Meanwhile in Goa conditions were getting really bad.
Bureaucracy was in a shambles. Except for agriculture and liquor
distillation, no industry existed! What then were the job
opportunities? Caste created its own barriers. The future held scant
hope - particularly for those less-privileged, enslaved in bonded
labour, weighed down by so many controls, and sadly denied any
chance for education or betterment.
Fortunately, greener pastures beckoned from beyond. Soon
Luis' son, Caetano Maria, an ambitious youth, was infected by the
fever of emigration that was attaining its pitch at the close of the
century. But this time it was not just a move to another section of
the village as his forebears had made. It meant crossing the
barriers of his own native Goa.
severe economic decline that had gripped this Portuguese enclave,
the gradual trickle of earlier decades had at the latter part of the
past century begun to assume the flood burst momentum of a general
exodus. Outside Goa manifold opportunities for earning a livelihood
awaited those who took up the challenge.
British Rule in India was already established, and this was
the period of consolidation. New railways, telegraphs, steamship
companies, government administration and business firms - all
Patimar (Sailing Boat)
were for the asking, and Goans, particularly the Christians, with
their wide exposure to the west, were seldom denied work under the
British. Dhobie Talao and Cavel in Bombay were teeming with migrant
Goans: a few well educated, several lacking formal learning - but
all eager to advance. It was the same all over British
had to take the plunge and avail oneself of more recent
conveniences. The once exhausting climb over the ghats, or the
hazardous crossing over coastal waters in country-made "pattimars"
or sailing ships, were now a thing of the past. Rail and steam-ship
communication at this phase had greatly facilitated and expedited
transport even at the height of the heavy monsoon.
Moreover, by now the route was a well beaten track traversed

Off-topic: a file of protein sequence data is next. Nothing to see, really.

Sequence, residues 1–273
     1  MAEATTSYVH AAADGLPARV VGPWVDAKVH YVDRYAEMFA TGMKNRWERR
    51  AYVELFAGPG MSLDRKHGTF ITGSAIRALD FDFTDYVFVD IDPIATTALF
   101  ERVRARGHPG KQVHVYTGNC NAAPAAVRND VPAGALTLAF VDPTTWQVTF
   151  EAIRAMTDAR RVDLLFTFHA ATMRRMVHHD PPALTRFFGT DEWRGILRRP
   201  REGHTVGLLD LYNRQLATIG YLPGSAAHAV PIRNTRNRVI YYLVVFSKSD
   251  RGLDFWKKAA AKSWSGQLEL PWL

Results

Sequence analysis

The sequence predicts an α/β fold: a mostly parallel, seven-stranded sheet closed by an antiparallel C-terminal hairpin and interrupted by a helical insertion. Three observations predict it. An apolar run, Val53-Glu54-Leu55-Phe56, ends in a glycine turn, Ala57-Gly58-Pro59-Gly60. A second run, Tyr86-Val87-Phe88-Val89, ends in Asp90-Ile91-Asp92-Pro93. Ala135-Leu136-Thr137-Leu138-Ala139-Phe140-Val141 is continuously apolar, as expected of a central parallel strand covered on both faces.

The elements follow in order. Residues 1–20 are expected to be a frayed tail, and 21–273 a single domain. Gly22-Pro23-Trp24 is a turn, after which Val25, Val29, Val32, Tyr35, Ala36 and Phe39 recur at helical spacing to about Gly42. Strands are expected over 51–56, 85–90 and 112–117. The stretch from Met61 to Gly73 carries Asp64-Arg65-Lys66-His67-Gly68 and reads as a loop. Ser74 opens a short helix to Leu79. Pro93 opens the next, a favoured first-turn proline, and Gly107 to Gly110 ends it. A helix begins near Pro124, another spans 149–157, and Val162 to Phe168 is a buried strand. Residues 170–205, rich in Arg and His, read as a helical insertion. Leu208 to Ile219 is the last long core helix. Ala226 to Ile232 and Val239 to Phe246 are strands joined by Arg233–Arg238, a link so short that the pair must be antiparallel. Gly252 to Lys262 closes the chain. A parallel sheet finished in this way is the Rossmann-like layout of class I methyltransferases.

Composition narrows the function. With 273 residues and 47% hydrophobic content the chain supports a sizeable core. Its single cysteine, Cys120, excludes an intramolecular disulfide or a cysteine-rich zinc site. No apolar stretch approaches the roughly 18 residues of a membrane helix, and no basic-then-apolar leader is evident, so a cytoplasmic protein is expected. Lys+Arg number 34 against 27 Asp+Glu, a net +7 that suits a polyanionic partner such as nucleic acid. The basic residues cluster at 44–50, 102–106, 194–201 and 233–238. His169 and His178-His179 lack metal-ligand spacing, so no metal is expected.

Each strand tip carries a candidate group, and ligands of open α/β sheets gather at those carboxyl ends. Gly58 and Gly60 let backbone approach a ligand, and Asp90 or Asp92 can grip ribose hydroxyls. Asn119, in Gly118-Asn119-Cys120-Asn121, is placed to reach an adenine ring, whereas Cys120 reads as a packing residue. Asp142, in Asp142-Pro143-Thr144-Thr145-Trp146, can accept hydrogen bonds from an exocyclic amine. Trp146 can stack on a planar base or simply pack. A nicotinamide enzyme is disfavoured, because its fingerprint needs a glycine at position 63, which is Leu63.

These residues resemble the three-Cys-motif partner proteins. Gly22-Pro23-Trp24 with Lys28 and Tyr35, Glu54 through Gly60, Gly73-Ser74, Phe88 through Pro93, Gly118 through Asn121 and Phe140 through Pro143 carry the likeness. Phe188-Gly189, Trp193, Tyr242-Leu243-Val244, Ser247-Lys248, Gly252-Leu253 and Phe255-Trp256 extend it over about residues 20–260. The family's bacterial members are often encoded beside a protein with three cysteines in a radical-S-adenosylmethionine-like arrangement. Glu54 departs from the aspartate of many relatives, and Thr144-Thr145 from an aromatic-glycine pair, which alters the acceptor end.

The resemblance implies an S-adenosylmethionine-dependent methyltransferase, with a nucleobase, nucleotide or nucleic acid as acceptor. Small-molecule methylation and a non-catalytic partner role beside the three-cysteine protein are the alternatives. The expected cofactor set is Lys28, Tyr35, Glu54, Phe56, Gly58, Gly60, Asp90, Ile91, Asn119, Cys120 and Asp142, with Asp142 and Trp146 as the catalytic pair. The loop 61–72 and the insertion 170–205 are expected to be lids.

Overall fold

by the more adventurous in the village. And to good and obvious
advantage! Besides, leaving home would not be such a wrench - thanks
to the innovative spirit of the Goan pioneers who had set in motion
a most remarkable scheme of "kuds". Wherever the Goan went, his
allegiance to his own far-away little village never faltered; and so
he welcomed his country cousins to share his room, his acquired
experience, and his guidance for their advancement. This fellowship
was to mutual advantage, creating an atmosphere of home - so
conducive to the aliens!
Later-comers penetrated the Persian Gulf and East Africa
where the British held sway, and which were in the process of
development. Construction of the Kenya Uganda Railway towards the
close of the 19th century greatly accelerated the influx of Goans
into East Africa. They were not deterred by the hazards posed by an
unfamiliar and inhospitable terrain, the fearful prospect of
encounter with ferocious wild beasts, and passage through arid
desert tracts. These intrepid pioneers paved the way for later
generations for whom conditions were vastly improved. Moreover, by
their industry, intelligence and integrity the Goans came to be
favourably regarded by the British authorities.
turn of the century quite a number of Anjuncares, including some
from de Mello vaddo, were already seeking their fortunes in East
Caetano Maria chose to go to Karachi, which at that time was
included in the Bombay Presidency. He was certainly not the first
Goan to get there. From an insignificant trading outpost Karachi had
undergone development under the British and turned into a major
commercial port. This attracted Goans who were seeking employment;
they also kept coming in drawn there by the formation of the Indus
Flotilla in 1850, the opening of the Suez Canal in 1869, the
construction of the Lloyd Barage, and the creation of a separate
province of Sind with its capital at Karachi in 1936. In fact, as
far back as 1886, Goans were in so large a number there, that with a
view to promote their unique culture and achieve mutual support,
they set up the Goan Portuguese Association - later designated
Karachi Goan Association.
unlettered, Caetano Maria's choices were rather limited; but he was
fortunate to find work with which he could cope. He ultimately found
service in the household of an Englishman, (later Sir) Montgague
Webb, General Manager of Forbes, Campbell & Co. And after some
years, with his earnings, Caetano Maria was able to return home to
his native Goa, and even to get married.
selected as his bride a girl from Soranto, very close to his own
home in the village. Christalina De Souza was the daughter of
Francisco De Souza and Severina Menezes. Unfortunately, in the
circumstances, Caetano could not dream of taking his bride to
Karachi with him. So she remained with his parents at home, in de
Mello vaddo. In time Christalina and Caetano were blessed with three
children : two daughters, and an only son -